She explored the non-traditional approach of Jewish meditation retreats, including her first such retreat with the Israel-based organization Or HaLev. Hurwitz calls the practice “extraordinary,” one that unites people of “all different Jewish backgrounds.” Its daylong sessions of silence are “such a dramatic departure from daily life,” she said. “I feel close to the divine in that space.”
She experienced another way to worship through visiting Orthodox friends’ homes for Shabbat — “an utter joy,” with “no screens, no technology, people so engaged with each other,” she said.
“I never felt judged at all,” Hurwitz said. “They know my practices. I was so warmly welcomed… Orthodox friends, Orthodox rabbis are excited that I’m passionate about Judaism, even if it’s not exactly the way they are.”
An article in The Jewish Week quotes Hurwitz as describing her reconnection as different from the Orthodox practice of becoming a baal teshuva, one who adopts a fully observant lifestyle.
When The Times of Israel asked Hurwitz about the tradition of gender separation practiced by some Jewish denominations, she said that while it is found among the 10 percent of the American Jewish population who are Orthodox, it does not reflect the 90% who are egalitarian.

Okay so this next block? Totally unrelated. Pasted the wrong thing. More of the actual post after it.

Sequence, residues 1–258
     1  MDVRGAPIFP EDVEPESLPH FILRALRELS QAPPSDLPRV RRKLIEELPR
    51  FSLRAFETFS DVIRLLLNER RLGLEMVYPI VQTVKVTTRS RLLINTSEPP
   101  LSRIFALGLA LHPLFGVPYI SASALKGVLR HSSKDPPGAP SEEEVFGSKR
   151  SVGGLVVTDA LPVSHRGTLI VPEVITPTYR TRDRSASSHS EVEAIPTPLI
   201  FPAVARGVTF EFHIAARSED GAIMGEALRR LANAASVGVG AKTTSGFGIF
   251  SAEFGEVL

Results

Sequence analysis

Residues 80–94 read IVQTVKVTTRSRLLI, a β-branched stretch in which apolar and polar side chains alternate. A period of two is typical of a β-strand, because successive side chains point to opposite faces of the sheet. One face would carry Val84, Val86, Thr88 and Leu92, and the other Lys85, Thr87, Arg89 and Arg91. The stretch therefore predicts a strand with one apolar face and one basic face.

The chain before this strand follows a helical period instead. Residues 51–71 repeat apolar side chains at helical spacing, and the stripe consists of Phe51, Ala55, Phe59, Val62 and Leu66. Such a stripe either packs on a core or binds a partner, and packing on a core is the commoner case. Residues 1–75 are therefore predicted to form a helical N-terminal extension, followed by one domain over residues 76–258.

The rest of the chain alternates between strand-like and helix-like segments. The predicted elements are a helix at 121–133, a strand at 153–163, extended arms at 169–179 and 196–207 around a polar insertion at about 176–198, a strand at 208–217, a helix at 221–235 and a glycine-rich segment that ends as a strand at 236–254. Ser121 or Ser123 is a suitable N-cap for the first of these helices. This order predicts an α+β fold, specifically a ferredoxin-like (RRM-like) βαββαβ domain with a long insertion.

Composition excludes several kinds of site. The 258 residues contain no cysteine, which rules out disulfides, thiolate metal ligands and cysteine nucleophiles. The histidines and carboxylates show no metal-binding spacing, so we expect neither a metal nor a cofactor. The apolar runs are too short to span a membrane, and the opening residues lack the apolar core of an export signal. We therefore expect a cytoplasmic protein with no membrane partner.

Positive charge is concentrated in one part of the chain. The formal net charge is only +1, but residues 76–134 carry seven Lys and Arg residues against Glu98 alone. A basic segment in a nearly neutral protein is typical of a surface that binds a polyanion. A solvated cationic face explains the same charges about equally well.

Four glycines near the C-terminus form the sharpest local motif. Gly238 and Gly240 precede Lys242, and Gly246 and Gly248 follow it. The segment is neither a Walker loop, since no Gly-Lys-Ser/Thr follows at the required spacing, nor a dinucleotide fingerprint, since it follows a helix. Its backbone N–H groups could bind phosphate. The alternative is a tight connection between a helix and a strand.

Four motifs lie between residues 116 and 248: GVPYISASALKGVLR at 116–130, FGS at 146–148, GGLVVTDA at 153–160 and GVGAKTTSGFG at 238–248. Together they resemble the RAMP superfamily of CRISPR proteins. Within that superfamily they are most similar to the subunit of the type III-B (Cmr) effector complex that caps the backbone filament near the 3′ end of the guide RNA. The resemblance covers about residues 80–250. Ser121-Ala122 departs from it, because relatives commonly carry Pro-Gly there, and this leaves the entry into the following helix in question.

According to Hurwitz, her book can benefit readers from diverse backgrounds.
“Two years ago, I would have said my book is for disengaged Jews,” Hurwitz reflected. “But some of my most enthusiastic feedback has come from very engaged Jews — friends who are Orthodox, friends who are rabbis, who say, ‘Oh my God, it’s a totally different perspective on Judaism.’ It made me remember why I love being Jewish.”
Citing the 70% of American non-Orthodox Jews who are married to non-Jews, she said, “I would also love my audience to be those married to Jews, who care about Judaism. I would love for those [spouses] to read it.”
And, she said, “I would love it to be read by seekers who are curious about religious traditions. Each of the world religious traditions has an important moral tradition to offer that we can all benefit from. I love the idea of sharing Judaism’s moral reasoning with others — not to proselytize, just to share.”
Looking beyond the US, Hurwitz said, “I would hope people in Israel would be excited to read the book… It’s basically a love letter to Judaism from a fellow Jew.”
Asked whether she has gotten any feedback from the Obamas on the book, Hurwitz said that the former president and first lady have inquired on its progress the past couple of years, and that they are “really excited for me that I’m pursuing my passion.”
It sounds like that passion rings through, including on the very last page, when Hurwitz quotes Yiddish novelist Jacob Glatstein: “Inside me sits the soul of an ancestor who summons me back.” She also references the Yiddish phrase pintele Yid, meaning “the little part of a Jew,” which she defines as “a spark of Jewishness.”
“Something has to light that spark,” Hurwitz said. “It’s different for different people. Once you find a way to ignite that spark, it does light up. It’s there all along. I did not figure out how to ignite it till a little bit later in life.”